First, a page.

I never was comfortable with the idea of “complex domain”.
“Use DDD only in complex domain” is a mantra used by DDD experts to avoid the Silver Bullet Syndrom. It is really convenient to avoid uncomfortable discussion.
Why do I mind?
We’d like to know what is a complex domain to know when to use DDD.
From a strategic perspective, I already argued that we could always use it. The remaining question is: when should I use DDD from a tactical perspective? When should I implement hexagonal architecture, CQRS/ES and other fancy stuff like that?
Not in a CRUD software?
Whatever the implementation we choose, software is a business abstraction. When we choose a CRUD implementation, we bet the future software will have few features. We bet we won’t need many abstractions. The cognitive load due to the domain will stay low, implying we can mix business logic with technical terms, without building unmanageable software.
In my experience, lots of applications begun as simple CRUD, but they quickly evolved in something more complex and useful for the business. Unfortunately we keep coding them as simple CRUD, which results in a massive mess. Certainly not in purpose, adding just a bit of complexity day after day makes it hard to grab the whole complexity of the solution. We are the boiling frog.
The over-engineering theory
The challenge is to find at which point our simple CRUD application becomes a more complex line of business application.
My theory is that we consider patterns from tactical DDD over-engineering all the time. Because we are unable to feel the complexity of the software we are building day after day. Worse, we think that the knowledge we accumulate about this complexity makes us valuable as the dungeon master. We are deeply biased to sense our own work.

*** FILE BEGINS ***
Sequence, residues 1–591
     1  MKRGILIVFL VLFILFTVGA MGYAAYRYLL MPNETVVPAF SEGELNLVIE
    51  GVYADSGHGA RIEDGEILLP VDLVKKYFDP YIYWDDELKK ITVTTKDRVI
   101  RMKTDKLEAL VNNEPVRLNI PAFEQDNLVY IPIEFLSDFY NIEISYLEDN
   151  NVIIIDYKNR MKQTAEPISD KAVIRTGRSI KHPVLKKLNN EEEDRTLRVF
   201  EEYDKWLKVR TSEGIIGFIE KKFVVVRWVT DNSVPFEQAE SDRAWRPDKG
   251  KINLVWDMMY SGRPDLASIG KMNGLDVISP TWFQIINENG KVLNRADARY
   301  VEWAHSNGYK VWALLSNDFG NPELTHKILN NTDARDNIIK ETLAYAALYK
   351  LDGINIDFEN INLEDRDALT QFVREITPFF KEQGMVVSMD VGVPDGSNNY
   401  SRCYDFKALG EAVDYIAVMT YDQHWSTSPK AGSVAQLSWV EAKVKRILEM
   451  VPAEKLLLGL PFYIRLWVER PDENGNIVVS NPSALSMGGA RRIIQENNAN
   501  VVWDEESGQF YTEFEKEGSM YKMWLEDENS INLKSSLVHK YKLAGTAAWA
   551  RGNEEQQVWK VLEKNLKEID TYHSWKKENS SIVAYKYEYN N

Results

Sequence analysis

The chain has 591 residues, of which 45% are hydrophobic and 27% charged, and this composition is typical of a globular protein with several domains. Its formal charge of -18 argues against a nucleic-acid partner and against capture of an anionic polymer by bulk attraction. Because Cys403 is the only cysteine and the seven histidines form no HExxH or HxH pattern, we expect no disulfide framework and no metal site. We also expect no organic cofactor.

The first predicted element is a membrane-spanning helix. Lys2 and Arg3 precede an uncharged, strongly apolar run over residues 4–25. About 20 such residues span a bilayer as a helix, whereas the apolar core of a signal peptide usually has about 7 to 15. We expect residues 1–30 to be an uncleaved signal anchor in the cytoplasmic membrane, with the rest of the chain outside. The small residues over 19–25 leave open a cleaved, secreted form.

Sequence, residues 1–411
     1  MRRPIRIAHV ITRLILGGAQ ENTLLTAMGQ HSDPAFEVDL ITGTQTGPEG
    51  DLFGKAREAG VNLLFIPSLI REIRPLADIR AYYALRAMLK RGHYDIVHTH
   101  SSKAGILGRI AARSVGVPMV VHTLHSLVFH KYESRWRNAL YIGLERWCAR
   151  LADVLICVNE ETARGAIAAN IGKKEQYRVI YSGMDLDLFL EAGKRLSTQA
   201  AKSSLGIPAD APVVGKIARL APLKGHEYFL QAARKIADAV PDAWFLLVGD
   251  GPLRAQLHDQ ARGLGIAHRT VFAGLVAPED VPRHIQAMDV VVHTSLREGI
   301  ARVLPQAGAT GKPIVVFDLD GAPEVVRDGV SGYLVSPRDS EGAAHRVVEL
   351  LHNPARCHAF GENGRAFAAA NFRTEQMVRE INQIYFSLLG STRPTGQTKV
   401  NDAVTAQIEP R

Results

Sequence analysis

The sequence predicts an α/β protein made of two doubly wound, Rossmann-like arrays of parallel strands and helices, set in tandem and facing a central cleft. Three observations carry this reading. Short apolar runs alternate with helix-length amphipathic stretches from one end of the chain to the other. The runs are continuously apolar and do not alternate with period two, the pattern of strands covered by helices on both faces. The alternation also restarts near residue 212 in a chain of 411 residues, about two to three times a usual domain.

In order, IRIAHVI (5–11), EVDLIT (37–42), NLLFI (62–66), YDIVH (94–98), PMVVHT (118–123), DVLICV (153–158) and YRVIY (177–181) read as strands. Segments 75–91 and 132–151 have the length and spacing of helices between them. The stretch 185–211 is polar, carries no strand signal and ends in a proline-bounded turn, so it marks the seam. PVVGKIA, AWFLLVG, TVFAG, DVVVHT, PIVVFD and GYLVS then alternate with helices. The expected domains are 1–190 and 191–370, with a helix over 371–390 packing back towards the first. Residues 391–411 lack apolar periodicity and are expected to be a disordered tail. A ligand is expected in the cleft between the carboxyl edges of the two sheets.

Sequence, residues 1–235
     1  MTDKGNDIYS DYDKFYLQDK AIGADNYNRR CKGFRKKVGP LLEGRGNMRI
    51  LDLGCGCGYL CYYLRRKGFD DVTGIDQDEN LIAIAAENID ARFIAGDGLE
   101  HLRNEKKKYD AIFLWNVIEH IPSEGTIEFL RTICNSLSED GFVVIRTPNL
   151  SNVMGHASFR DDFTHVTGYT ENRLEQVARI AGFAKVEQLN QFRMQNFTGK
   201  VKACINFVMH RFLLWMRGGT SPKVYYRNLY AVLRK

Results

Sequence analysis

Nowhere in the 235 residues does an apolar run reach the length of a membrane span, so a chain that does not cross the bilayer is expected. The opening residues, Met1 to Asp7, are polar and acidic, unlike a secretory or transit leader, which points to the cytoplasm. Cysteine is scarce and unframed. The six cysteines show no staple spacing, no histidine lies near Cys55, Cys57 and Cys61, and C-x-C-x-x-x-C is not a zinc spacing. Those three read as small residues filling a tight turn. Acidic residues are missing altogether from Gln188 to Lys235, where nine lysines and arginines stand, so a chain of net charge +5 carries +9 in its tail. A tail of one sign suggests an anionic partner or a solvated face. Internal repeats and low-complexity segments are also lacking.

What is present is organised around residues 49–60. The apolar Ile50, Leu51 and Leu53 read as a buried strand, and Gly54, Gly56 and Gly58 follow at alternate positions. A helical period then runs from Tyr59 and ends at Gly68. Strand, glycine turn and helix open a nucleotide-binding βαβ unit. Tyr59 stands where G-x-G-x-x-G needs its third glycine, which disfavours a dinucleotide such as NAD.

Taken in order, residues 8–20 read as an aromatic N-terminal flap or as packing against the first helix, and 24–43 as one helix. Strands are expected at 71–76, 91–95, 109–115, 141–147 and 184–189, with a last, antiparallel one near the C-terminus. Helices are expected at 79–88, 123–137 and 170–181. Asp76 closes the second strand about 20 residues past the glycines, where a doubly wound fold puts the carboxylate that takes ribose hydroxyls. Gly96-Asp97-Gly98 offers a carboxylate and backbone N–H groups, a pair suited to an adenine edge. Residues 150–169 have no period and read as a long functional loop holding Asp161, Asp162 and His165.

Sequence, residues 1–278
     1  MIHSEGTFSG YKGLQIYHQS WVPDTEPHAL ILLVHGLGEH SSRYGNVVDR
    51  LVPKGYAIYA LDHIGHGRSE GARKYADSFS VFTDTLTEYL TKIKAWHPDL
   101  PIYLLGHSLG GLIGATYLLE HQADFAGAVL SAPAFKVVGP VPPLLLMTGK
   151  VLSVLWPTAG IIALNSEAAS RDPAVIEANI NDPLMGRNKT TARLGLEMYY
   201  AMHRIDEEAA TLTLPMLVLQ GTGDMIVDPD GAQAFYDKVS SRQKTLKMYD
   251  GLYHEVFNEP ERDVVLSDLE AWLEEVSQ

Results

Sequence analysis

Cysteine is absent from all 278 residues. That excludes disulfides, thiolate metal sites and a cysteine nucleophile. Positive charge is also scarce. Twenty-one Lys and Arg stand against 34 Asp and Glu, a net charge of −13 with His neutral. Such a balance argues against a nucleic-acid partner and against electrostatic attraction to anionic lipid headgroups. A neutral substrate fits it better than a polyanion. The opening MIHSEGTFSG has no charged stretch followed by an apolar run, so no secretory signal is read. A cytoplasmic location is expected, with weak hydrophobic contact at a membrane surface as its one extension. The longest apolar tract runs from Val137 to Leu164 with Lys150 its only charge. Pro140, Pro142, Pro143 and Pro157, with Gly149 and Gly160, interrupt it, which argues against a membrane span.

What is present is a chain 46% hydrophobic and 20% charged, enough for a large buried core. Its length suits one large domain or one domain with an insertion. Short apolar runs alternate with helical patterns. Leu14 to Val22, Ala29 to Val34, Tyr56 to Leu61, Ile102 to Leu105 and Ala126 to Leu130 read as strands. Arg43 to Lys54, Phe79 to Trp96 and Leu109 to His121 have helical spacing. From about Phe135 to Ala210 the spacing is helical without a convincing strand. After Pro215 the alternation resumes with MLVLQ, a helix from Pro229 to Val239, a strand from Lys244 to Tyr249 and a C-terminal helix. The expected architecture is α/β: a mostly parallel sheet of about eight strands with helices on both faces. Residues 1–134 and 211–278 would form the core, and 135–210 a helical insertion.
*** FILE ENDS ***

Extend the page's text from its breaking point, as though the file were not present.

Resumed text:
But what happens when we go working on another project? The will to rewrite the full software from scratch. Push the frog in hot water, and she won’t stay for long.
Looking for the inflection point
We’d like to find when it becomes interesting to implement tactical DDD patterns, despite the cost it has.
A part of the solution may be to check how long a new comer needs to be productive. When it is too long, there is room for improvement, and tactical patterns can help to decrease the code complexity.
Another solution may be to ask for a few audits by different DDD experts, but it could be more expensive.
A simpler solution may be to assume that the software will become more complex. It implies we should look at which tactical pattern can fit our needs, day after day.
Remember there is a world of practices in tactical DDD patterns. Using all of them all the time is not desirable. Picking the good one at the good time is the actual difficulty.
When should I use tactical DDD patterns?
I do not have a definitive answer for that, just an empirical observation: I’ve seen countless software implemented in a CRUD way that would be greatly improved by a DDD tactical approach. I’ve seen no software implemented with a tactical DDD approach that would be greatly improved by a CRUD implementation.
“If you think good design is expensive, you should look at the cost of bad design.” -Dr. Ralf Speth, CEO Jaguar